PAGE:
Lead Change is a leadership media destination with a unique editorial focus on driving change within organizations, teams, and individuals. Lead Change, a division of Weaving Influence, publishes twice monthly with SmartBrief. Today’s post is by Mary Lippitt.
Large amounts of data and rapid change increase the need to think critically and adjust to new realities.
Will Rogers reminds us that “even if you are on the right track, you’ll get run over if you just sit there.” While stagnation is dangerous, finding the path forward can be challenging. Mental agility, situational awareness and sound judgment are essential to addressing probable, pervasive and problematic change.
The rapid rate of change has led CEOs to identify critical thinking, judgment and innovation as essential to their future success. In today’s complex world, no individual has all the answers, but a person can ask the right questions and evaluate responses.
Mental agility — the ability to recognize what has happened, what is currently happening and what could happen in the future — requires an open, inquisitive mind. And that openness must be combined with a critical analysis of all relevant information to discern how to leverage opportunities in the short and long term. Mental agility and critical thinking close the ubiquitous gap between what we think we know and what we need to know. They prevent missteps and blunders.
Mental agility and critical thinking do not require an elevated IQ, advanced degree, lofty position or specific personal style. They do require a dedicated willingness to:
- Test existing assumptions that may have changed based on dynamic environments
- Check for potential distortions or bias, including level of effort and confirmation bias
- Solicit and respect multiple points of view
Adopting an open mind means actively seeking information, considering alternatives, and selecting a viable and valuable goal. With multiple variables affecting any decision, a comprehensive framework is indispensable in collecting pertinent information. Knowing it all prevents risking it all.
Consider the purchase of a car. Decision factors include price, warranty, miles per gallon, cost of insurance, features, size, lease or purchase, color, style, type of gas required, cost of maintenance, towing capacity and dealer location. This list may appear lengthy, but compared with the factors involved in organizational success, it is quite small.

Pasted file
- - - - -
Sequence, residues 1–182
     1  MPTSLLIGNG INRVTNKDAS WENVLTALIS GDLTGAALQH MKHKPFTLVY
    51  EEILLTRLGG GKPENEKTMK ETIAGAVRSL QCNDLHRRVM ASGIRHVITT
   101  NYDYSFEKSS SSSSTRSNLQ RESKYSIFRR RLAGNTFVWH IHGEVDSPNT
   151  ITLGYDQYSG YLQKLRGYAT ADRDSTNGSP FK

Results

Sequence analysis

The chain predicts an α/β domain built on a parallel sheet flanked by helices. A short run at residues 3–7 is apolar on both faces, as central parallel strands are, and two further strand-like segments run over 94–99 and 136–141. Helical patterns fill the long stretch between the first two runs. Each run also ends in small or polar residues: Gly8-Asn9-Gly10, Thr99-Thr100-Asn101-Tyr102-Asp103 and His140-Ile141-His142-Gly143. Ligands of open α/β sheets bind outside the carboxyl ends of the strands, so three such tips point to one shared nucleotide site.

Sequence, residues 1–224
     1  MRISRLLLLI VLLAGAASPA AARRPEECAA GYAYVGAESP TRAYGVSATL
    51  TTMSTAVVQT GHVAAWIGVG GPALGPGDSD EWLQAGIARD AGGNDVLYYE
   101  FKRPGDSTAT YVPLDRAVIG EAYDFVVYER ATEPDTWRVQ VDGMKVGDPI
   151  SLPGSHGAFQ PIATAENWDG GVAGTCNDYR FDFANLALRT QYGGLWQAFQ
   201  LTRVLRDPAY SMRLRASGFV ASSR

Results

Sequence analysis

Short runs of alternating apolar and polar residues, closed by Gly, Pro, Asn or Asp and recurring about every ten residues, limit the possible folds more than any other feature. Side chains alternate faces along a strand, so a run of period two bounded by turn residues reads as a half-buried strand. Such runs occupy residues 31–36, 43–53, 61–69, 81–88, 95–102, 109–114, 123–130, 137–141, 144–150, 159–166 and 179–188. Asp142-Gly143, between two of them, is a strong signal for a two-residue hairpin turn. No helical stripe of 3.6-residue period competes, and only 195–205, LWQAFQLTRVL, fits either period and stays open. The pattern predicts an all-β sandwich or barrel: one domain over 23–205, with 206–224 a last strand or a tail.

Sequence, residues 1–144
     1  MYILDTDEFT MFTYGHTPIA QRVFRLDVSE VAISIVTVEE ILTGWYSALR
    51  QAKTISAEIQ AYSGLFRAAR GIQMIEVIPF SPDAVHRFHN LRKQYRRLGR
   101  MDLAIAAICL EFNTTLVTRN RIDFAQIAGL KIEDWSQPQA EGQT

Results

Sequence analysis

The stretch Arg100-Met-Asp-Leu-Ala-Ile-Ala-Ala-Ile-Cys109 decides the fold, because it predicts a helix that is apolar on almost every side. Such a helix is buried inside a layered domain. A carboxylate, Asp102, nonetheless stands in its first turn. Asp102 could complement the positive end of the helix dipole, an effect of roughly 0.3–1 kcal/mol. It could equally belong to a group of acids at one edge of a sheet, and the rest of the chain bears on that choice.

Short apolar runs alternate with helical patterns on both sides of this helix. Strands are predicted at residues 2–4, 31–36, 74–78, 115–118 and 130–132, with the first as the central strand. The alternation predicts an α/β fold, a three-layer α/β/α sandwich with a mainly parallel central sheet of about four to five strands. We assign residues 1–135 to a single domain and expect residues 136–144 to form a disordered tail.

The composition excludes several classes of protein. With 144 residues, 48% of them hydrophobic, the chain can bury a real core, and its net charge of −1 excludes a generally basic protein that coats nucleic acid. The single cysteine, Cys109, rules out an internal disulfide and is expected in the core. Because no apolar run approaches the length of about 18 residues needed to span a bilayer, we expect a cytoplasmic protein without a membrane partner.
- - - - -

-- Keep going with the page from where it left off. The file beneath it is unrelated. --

Organizations confront greater complexity and interdependencies than purchasing a car. One individual’s ability cannot juggle every aspect. Leaders need a system to gather timely, relevant information from multiple sources. Considering six situational mindsets ensures an effective grasp of reality. The following definitions and questions serve as a guide and can be tailored into a checklist for your organization:
- Inventing Situational Mindset questions concern innovative products, designs and services: What new features or services can we offer? How can we apply technology in a new way?
- Catalyzing Situational Mindset questions assess the level of customer service, market position and competition: What new markets can we explore? What will grow sales? How can we improve customer service?
- Developing Situational Mindset questions evaluate system effectiveness, information flow and seamless execution: What will improve cross-functional collaboration? Are our systems effective? What policy alterations will support our goals?
- Performing Situational Mindset questions examine quality, cycle time, workflow and return on investment: What deviations should we address? What can we improve? What limits our productivity?
- Protecting Situational Mindset questions address staffing levels, retention of key talent, succession planning and engagement: What will improve collaboration? How can we retain key talent? How can our culture become more agile?
- Challenging Situational Mindset questions probe trends, assumptions, strategies and opportunities: What new alliances are possible? What new niches should we pursue? What will position us for the future?
These situational mindsets surface what is present, what is within reach and what is around the corner. Their use builds the mental agility and critical thinking essential for organizations to achieve their goals in the midst of change.
Mary Lippitt, an award-winning author and speaker, founded Enterprise Management Ltd., an international firm helping leaders deliver results. A leader in the field of organizational effectiveness, she has assisted corporate and government clients in the US and abroad, including Lockheed Martin, Marriott, the Department of Energy and the Environmental Protection Agency.
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